15 STARS: Eisenhower, MacArthur, Marshall: Three Generals Who Saved the American Century

By Pearlman, Michael | Military Review, January/February 2008 | Go to article overview

15 STARS: Eisenhower, MacArthur, Marshall: Three Generals Who Saved the American Century


Pearlman, Michael, Military Review


15 STARS: Eisenhower, MacArthur, Marshall: Three Generals Who Saved the American Century, Stanley Weintraub, Free Press, New York, 2007, 541 pages. $30.00

This very readable book is a collective biography of three five-star generals identified in the subtitle. It concentrates on World War II, when they jointly acquired those fifteen stars, although it also covers the generals' prewar backgrounds and postwar careers. 15 Stars mixes portraits of the men and a cast of surrounding characters with discussions of high strategy: the cross-channel invasion into Normandy vs. Mediterranean operations, and the central Pacific pathway towards Japan vs. the New Guinea road through the Philippines. George Marshall comes off the best because he was selfless. According to author Stanley Weintraub, Marshall was virtually a martyr, refusing to ask for his heart-felt desire to command the Northwest Europe Theater. Douglas MacArthur comes off the worst, relentlessly pursuing his personal agenda for military glory. Dwight Eisenhower falls somewhere between these extremes. While praised for being what MacArthur was not, "genial and unpretentious," Ike spends too much time in luxurious quarters in rear areas and pays too much attention to Kay Summersby, his beautiful chauffer. One could think that Weintraub also pays too much attention to her (eight lines in his index), if this were not a book on personalities as well as matters of policy.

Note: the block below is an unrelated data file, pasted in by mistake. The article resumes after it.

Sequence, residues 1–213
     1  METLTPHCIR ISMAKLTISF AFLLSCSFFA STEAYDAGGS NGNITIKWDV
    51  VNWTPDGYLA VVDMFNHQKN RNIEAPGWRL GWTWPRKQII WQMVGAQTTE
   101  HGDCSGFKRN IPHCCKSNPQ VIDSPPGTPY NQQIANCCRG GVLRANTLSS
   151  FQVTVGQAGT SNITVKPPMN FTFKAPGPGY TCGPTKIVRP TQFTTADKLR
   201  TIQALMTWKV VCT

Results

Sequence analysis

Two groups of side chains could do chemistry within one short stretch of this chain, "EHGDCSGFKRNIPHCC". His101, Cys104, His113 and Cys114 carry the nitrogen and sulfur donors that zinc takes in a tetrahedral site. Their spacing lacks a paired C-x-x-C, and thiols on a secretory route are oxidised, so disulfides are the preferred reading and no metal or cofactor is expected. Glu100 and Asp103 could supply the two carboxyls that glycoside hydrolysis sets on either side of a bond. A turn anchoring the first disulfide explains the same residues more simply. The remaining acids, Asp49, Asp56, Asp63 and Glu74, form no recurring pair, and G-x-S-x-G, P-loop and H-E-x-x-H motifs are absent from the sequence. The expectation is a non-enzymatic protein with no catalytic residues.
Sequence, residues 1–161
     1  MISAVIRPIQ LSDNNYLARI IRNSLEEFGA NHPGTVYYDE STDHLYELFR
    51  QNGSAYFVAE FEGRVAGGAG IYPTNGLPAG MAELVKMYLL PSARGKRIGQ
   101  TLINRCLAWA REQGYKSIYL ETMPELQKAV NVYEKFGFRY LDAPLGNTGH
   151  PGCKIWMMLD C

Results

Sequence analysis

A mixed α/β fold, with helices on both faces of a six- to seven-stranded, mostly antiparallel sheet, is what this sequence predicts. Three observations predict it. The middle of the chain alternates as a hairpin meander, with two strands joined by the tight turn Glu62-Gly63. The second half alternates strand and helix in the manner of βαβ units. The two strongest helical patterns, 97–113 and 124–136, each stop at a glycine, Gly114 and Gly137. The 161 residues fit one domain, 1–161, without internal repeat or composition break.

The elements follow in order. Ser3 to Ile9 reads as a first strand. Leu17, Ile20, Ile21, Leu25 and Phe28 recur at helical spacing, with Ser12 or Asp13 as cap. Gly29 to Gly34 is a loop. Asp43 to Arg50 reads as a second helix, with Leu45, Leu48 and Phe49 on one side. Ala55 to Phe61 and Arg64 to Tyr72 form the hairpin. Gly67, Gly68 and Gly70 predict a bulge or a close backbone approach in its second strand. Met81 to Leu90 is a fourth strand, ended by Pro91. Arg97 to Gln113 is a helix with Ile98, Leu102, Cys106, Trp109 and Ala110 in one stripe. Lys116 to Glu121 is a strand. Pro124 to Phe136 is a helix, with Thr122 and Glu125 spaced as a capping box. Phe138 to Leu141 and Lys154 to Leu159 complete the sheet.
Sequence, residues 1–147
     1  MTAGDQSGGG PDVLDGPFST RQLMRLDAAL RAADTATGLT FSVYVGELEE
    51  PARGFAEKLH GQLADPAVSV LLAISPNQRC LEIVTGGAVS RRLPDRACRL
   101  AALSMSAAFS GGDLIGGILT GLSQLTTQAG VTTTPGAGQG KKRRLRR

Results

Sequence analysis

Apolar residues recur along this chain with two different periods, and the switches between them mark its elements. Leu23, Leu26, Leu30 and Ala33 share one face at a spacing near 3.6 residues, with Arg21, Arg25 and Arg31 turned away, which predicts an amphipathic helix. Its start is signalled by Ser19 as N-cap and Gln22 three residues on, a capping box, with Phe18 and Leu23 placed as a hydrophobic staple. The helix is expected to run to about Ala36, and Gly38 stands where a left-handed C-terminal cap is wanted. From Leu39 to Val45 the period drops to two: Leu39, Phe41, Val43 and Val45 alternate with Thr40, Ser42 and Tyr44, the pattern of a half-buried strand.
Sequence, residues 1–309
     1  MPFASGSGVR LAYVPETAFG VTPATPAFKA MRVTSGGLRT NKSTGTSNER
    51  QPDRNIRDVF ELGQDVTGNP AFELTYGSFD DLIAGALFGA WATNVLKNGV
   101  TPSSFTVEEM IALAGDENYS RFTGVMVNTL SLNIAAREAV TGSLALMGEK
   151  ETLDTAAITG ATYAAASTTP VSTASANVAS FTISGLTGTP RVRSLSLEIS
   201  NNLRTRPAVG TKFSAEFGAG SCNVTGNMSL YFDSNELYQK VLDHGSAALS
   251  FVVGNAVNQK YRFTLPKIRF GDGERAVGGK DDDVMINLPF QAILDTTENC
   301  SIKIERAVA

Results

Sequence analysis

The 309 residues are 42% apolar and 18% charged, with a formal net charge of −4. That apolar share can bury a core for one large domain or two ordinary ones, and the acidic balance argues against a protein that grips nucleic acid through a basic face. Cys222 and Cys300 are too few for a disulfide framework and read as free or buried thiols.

Truth be told, Weintraub slams a host of Anglo-American figures: Franklin Roosevelt is manipulative; Winston Churchill is duplicitous and stubbornly resentful when his power ebbs vis-à-vis Roosevelt; Alan Brooke, Mark Clark, Bernard Montgomery, and George Patton can seem as self-centered as MacArthur; and Omar Bradley and Courtney Hodges, despite their purported modesty, often don't come off a great deal better. …

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